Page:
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REACTION INJECTION MOLDING (RIM)

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REACTION INJECTION MOLDING (RIM). RIM PROCESS. two highly reactive liquid monomers are carefully metered, brought together in a mixhead, and immediately injected into a heated mold under low pressure. RIM VARIATIONS. neat resin

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rim process
RIM PROCESS
  • two highly reactive liquid monomers are carefully metered, brought together in a mixhead, and immediately injected into a heated mold under low pressure
rim variations
RIM VARIATIONS
  • neat resin
  • reinforced reaction injection molding (RRIM) - fillers (including chopped glass, carbon/graphite fibers) can be incorporated into one or both monomers
  • structural reaction injection molding (SRIM) - reinforcement placed in mold before injecting the reactive liquid monomers
resins used in rim process
RESINS USED IN RIM PROCESS
  • polyurethane (most common)
    • two liquid monomer components
      • polyol
      • isocyanate
    • high CTE (unreinforced 60 - 90 x 10-6 in/in/°F)
    • low modulus (flexural, 20 - 300 ksi)
  • dicyclopentadiene (dcpd)
    • see Telene website
reinforcement used in rim process
REINFORCEMENT USED IN RIM PROCESS
  • RRIM
    • chopped, milled fibers (glass, carbon/graphite)
    • usually added to polyol
  • SRIM
    • glass, carbon/graphite, aramid
    • fabric (woven, unidirectional, multiaxial)
    • mat
    • preform
rim process and equipment
RIM PROCESS AND EQUIPMENT
  • day tanks
    • store unfilled components and filled (reinforced) components
    • slowly and continuously agitate by mixing impellers to prevent settling of fibers
    • may have heating jackets for temp control
    • pressurized at 15 - 60 psi
  • metering cylinders fill with components from day tanks
    • components could be moved directly from the pressurized tanks with air pressure, however usually transferred with the assistance of feeder pumps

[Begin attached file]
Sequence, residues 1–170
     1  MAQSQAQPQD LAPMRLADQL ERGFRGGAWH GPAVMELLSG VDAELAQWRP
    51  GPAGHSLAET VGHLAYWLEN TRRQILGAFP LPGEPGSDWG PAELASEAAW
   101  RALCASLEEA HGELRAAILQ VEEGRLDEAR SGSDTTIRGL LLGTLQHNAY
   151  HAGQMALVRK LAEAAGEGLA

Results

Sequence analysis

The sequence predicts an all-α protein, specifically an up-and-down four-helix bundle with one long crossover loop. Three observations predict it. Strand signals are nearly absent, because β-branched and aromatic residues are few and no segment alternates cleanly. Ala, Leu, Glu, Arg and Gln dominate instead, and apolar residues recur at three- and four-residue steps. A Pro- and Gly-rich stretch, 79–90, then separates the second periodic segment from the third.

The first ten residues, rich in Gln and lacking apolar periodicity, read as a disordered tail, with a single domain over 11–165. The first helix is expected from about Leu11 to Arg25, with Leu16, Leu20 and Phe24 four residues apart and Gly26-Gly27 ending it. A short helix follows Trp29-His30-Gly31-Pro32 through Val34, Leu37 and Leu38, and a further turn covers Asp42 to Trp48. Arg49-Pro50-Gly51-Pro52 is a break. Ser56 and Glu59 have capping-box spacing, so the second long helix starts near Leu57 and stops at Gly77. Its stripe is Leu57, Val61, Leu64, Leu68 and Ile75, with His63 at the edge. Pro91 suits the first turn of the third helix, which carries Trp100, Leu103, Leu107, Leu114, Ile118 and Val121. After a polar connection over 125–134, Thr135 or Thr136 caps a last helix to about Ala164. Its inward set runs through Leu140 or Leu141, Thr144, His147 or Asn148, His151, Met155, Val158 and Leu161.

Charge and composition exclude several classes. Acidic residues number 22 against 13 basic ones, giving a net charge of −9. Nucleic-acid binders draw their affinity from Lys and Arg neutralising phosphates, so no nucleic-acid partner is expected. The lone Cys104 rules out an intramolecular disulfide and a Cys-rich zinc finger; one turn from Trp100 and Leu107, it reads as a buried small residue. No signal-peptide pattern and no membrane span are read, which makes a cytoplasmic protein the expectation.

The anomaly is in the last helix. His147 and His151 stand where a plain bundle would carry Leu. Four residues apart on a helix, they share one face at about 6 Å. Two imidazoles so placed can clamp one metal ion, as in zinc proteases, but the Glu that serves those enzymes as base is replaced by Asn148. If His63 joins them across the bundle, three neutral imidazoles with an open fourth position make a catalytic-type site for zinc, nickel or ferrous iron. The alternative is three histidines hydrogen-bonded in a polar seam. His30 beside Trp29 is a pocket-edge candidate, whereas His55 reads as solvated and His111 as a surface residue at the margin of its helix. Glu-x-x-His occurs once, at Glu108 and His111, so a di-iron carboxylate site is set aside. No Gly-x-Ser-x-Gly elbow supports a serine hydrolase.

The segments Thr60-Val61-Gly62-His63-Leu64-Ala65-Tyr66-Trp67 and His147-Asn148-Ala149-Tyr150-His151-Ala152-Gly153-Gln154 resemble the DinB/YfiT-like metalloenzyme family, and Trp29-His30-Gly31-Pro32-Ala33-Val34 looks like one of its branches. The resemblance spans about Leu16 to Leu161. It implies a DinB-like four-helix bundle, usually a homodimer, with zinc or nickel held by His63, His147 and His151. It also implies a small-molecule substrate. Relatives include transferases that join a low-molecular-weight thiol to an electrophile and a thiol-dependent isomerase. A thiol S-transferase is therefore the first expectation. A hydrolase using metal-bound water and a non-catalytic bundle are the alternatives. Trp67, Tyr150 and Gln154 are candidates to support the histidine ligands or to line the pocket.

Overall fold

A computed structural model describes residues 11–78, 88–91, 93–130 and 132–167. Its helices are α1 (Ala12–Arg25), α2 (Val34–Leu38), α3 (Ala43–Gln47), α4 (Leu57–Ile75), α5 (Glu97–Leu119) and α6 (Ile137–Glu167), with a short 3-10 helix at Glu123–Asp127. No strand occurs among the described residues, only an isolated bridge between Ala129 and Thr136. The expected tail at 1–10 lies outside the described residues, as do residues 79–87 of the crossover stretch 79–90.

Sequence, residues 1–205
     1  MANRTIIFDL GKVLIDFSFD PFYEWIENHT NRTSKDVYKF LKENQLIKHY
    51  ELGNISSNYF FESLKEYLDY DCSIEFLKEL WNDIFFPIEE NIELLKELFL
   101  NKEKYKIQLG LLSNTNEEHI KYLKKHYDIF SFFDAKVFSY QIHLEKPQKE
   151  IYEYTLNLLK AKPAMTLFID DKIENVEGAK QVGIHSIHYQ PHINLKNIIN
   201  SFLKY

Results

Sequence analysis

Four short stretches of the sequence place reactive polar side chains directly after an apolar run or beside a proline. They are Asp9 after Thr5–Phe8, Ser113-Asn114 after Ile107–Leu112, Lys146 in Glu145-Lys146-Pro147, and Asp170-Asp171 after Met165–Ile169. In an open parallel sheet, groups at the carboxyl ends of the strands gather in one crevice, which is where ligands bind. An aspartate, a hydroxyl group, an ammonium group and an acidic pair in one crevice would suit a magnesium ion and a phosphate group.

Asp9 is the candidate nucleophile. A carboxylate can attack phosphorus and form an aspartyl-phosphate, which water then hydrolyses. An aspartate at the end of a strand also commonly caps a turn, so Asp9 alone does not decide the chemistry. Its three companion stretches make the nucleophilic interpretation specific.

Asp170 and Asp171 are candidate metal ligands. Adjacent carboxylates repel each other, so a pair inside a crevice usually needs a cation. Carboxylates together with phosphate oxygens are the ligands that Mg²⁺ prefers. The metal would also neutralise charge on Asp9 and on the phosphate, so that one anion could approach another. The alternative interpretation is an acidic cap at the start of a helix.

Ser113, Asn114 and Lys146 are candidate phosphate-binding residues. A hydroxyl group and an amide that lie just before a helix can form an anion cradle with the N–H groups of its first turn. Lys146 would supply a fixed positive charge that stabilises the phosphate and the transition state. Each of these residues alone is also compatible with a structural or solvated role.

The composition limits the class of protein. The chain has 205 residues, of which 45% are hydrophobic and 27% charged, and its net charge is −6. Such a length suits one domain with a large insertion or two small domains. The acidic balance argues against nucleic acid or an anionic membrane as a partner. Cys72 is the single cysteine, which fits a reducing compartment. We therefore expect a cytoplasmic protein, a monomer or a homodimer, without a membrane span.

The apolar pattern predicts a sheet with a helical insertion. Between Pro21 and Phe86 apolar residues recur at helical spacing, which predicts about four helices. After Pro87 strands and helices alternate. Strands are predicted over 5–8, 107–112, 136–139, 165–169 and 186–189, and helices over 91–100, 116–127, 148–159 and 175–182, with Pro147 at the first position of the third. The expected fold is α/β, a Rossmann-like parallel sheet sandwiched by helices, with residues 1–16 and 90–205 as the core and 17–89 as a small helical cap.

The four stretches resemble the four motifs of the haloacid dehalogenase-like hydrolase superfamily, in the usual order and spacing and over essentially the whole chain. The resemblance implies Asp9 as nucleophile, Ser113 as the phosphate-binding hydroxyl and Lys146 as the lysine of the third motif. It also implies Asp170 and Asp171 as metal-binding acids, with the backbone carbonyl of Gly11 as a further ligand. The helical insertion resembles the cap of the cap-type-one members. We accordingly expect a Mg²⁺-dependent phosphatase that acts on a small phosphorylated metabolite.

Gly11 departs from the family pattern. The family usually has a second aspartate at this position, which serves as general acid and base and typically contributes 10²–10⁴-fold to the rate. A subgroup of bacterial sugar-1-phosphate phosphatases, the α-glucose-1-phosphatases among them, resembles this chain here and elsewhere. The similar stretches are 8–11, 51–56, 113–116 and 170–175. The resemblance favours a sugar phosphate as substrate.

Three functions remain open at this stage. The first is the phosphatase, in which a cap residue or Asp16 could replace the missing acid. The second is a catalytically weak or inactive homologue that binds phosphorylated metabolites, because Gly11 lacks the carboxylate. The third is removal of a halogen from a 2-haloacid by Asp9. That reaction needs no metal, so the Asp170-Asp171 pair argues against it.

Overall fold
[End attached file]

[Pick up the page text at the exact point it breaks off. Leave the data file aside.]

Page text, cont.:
• feeder pumps can provide continuous recirculation (maintain filler in suspension and uniform temp)
mixing of components
MIXING OF COMPONENTS
  • after metering cylinders filled, they are driven forward by hydraulic pressure to deliver components to mixhead at a known rate (delivery of the two components must be closely synchronized to ensure a uniform reaction and consistent properties in cured part)
  • during first part of plunger travel, valve to mixing chamber is closed - components are recirculated through head into return lines and back to day tanks
  • after preliminary recirculation - mixhead valve is opened, components enter the chamber to be mixed
  • mix chamber is usually small cylinder - components enter from opposite sides of chamber
  • mixhead is designed to develop turbulence in the mix chamber to intimately mix the two components
  • turbulence created by stream impingement at high pressure (1,500 - 3,000 psi)
  • streams should have equal momentum at the time they meet
filling the mold
FILLING THE MOLD
  • after metering the shot, mixhead valve is closed, components recirculated back into day tanks
  • metered shot is cleared from mixing chamber by a close fitting ram and flows directly into mold (no solvent flush required)
  • mold normally filled from bottom so air can easily push out ahead of flow
  • shot fills mold to about 90% and expansion during chemical reaction of the polyol and isocyanate completes the fill
curing and demolding
CURING AND DEMOLDING
  • components react and gel within 2 - 10 secs from the start of injection
  • mold remains closed for a period of time to allow sufficient cure so part can be removed and handled without damage (30 - 90 secs)
  • knockout pins, automatic slides, or pneumatic devices in the mold used to assist with demolding
  • for small flexible parts may use rubber spatula to pry part loose or insert air nozzle and blow off
  • for most resin formulations, parts are post-cured in an oven
advantages disadvantages of rim process
ADVANTAGES/DISADVANTAGES OF RIM PROCESS
  • many of the same advantages/disadvantages as RTM process
  • differences with RTM process
    • RIM resin builds viscosity rapidly (higher average viscosity during mold filling)
      • applications must be simple geometries
      • SRIM preform must be less complex and lower in reinforcement content
      • parts do not normally flash out of mold parting line sufficiently to require sealing beyond metal land area or a pinch off around perimeter of part (low viscosity of RTM resin requires gasket or o-ring)
    • highly reactive nature of RIM resin systems leads to cycle times currently faster than achieved with RTM process
    • mix ratios of RIM resin systems nearly 1:1 in volume
      • ideally suited to impingement mixing process
      • self-cleaning mix element
      • RTM ratios (as high as 100:1 by volume) require mixing in a static mixer and subsequent solvent flush
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